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Aug. 1-4: Portland Classic

The world’s top golfers remain in the Northwest for this Oregon-based event, which has been run since 1972, making this the LPGA Tour’s longest-running non-major tournament. Chanettee Wannasaen topped its field in 2023.

Aug. 15-18: Women’s Scottish Open

LPGA golfers use this tournament to prepare for the Women’s British Open, which is played the following week. The event was held sporadically from 1986, but it became a regular fixture in 2010. Although its location varies, Ayrshire has hosted the last few years.

Aug. 22-25: Women’s British Open

Also known as the AIG Women’s Open, this is the fifth and final major tournament, initially held in 1976. Like many of the US-based majors, this one’s location changes every year. St Andrews (Old Course), in Fife, Scotland – one of the oldest golf clubs in the world – has been chosen for 2024. Two golfers have won it twice as a major: Jiyai Shin and Yani Tseng.

Aug. 29-Sep. 1: FM Global Championship

Another new event for 2024, this inaugural tournament will boast one of the largest purses on the LGPA Tour (and the biggest outside of the majors and tour championship) with $3.5 million. TPB Boston in Norton, Massachusetts will play host, marking the return of women’s professional golf in New England.

Sept. 13-15: Solheim Cup

While on the tour’s schedule, the Solheim Cup is an unofficial event so doesn’t carry any prize money. The tournament features golfers representing the US and Europe. With a tied score last year, Europe retained the title having won the previous two.

Sept. 19-22: Kroger Queen City Championship

While not brand new anymore, this Cincinnati-based event is still one of the newest ones, having been held initially in 2022. This was the first time in more than 30 years that an LPGA Tour event was played in southwest Ohio, and Ally Ewing rode five straight birdies on the final day that year to win it by a stroke.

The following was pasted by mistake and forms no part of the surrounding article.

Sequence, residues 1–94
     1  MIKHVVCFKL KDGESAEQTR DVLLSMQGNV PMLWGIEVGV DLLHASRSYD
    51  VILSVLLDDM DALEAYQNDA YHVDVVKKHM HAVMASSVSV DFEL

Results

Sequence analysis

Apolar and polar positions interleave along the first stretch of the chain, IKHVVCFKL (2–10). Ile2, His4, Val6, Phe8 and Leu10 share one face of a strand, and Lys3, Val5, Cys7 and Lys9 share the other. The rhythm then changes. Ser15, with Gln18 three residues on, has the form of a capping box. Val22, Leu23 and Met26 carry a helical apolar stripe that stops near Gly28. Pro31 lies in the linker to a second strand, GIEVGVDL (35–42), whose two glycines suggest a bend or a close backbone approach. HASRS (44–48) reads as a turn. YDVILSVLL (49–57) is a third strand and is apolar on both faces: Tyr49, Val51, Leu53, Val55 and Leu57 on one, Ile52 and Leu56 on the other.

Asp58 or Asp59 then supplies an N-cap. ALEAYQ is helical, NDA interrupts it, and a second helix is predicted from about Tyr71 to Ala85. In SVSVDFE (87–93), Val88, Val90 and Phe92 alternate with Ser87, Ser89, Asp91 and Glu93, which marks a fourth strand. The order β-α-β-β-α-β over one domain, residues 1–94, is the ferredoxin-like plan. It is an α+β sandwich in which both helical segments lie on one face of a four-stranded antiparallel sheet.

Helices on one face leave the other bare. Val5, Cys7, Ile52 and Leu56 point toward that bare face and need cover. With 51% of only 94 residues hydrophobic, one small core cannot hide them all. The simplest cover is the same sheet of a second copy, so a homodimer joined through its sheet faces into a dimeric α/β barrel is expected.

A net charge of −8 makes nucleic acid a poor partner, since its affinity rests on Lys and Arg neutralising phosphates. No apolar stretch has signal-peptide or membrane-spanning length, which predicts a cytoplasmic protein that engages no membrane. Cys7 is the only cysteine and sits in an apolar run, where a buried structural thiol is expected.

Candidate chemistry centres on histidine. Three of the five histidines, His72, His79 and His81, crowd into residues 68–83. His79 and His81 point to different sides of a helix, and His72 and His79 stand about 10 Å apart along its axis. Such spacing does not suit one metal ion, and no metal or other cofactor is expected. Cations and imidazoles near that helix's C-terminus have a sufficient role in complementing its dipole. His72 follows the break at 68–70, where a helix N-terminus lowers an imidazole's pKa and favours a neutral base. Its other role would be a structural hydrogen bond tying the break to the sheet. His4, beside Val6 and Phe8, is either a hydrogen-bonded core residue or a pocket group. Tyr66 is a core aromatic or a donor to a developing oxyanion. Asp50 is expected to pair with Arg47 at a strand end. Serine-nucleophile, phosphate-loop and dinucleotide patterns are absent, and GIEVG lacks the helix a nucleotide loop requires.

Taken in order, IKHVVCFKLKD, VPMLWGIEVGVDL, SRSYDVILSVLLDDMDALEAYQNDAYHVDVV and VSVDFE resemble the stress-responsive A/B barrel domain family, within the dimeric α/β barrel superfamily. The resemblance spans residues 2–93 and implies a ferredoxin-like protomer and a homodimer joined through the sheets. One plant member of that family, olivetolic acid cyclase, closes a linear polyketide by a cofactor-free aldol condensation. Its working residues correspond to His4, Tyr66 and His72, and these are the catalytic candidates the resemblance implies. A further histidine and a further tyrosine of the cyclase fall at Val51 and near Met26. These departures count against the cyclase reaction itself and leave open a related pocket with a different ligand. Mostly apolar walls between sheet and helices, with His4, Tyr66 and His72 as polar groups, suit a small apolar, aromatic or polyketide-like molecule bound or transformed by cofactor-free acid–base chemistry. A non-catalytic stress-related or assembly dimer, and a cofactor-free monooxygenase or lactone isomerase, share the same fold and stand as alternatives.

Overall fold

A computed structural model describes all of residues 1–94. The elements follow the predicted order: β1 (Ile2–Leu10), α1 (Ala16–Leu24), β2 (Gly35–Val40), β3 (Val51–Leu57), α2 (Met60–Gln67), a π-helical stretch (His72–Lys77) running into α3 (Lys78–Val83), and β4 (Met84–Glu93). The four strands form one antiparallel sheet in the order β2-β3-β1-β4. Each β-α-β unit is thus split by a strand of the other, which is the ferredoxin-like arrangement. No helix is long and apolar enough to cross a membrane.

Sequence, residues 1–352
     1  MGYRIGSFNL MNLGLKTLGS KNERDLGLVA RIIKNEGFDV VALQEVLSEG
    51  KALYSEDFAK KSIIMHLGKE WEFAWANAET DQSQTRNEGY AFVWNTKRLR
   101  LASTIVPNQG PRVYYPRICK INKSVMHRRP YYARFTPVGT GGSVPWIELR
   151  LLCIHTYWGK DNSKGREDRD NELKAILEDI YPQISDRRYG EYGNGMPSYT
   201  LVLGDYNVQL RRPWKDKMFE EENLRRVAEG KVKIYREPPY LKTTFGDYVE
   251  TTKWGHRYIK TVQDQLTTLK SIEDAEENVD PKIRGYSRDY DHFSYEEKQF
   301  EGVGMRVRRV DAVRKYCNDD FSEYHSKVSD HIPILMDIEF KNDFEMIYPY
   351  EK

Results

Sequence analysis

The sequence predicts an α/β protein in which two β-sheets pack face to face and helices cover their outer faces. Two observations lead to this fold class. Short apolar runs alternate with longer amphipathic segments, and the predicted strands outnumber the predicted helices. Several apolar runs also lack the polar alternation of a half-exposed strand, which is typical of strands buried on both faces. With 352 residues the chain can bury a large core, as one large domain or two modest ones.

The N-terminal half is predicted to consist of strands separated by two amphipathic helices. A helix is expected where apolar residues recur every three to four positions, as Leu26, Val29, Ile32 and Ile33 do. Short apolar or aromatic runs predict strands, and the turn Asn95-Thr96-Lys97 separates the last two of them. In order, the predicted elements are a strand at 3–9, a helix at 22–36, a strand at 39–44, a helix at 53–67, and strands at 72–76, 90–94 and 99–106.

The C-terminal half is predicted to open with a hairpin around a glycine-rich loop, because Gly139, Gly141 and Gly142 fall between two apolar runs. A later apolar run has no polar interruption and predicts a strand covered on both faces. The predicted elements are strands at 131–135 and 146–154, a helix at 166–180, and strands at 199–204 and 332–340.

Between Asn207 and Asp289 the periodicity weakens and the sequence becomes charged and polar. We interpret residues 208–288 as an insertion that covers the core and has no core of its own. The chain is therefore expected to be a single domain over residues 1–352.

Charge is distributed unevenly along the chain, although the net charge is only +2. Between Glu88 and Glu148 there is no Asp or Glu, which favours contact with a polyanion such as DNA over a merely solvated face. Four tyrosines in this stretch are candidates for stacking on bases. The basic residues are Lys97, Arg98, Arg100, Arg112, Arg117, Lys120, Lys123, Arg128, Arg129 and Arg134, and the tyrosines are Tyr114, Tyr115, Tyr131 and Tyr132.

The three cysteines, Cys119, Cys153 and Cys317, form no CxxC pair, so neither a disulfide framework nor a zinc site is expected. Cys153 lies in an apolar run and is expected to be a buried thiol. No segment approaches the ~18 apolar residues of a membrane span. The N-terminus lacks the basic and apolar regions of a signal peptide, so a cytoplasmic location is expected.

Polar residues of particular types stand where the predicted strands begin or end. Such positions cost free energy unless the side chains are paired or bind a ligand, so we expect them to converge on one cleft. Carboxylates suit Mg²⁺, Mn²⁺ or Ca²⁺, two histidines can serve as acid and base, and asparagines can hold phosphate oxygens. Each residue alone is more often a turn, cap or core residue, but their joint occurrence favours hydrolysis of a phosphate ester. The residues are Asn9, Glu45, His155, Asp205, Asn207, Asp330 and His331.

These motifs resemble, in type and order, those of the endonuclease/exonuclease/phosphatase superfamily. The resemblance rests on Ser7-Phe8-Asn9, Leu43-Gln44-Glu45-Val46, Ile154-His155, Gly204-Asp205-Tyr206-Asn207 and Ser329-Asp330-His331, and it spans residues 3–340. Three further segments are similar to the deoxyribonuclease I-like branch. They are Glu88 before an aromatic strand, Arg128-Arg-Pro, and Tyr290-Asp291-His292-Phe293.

Sept. 27-29: Walmart NW Arkansas Championship

Rogers, Arkansas, near Fayetteville, has always hosted this event since its launch in 2007. Ryu Hae-ran won it by three strokes in 2023. Stacy Lewis, who played college golf at the nearby University of Arkansas, has won it twice, in 2007 and 2014, though her initial win was considered unofficial.

Oct. 10-13: Buick LPGA Shanghai

This is the first of several consecutive LPGA Tour events to be played in Asia, and the second one of the season in China. Although it was first held in 2018, this is just its fourth edition as the ones in 2020, 2021, and 2022 were canceled.

Oct. 17-20: BMW Ladies Championship

The lone stop on the LPGA Tour in South Korea is this one. Minjee Lee won it in 2023, marking her 10th LPGA title after her victory at the Kroger Queen City Championship the previous month.

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Oct. 24-27: Maybank Championship

A new LPGA Tour event last year, this championship initiated the tour’s return to Malaysia since the Sime Darby LPGA Malaysia, which was played there from 2010-17. Its inaugural year witnessed the second-longest playoff in LPGA Tour history, with Celine Boutier outlasting Atthaya Thitkul in a nine-hole playoff.

Oct. 31-Nov 3: TOTO Japan Classic

The LPGA Tour’s lone visit to Japan is a historic tournament, having first been held in 1973. It is also part of the LPGA of Japan Tour, the world’s second-most-prestigious women’s golf tour. Its 2024 edition will be in Shiga.

Nov. 6-9: LOTTE Championship

Played in April since it was initially held in 2012, this year sees Hawaii welcome professional golfers in November. Brooke Henderson is the only multiple winner of this event, having claimed the title in 2018 and 2019.

Nov. 14-17: The ANNIKA

This event, which is played in Belleair, Florida, a city in the Tampa Bay region, was known as the Pelican Women’s Championship from its inception in 2020 until 2023. Despite there only having been four editions of this event, Nelly Korda has won it twice, in 2021 and 2022.

Nov. 21-24: CME Group Tour Championship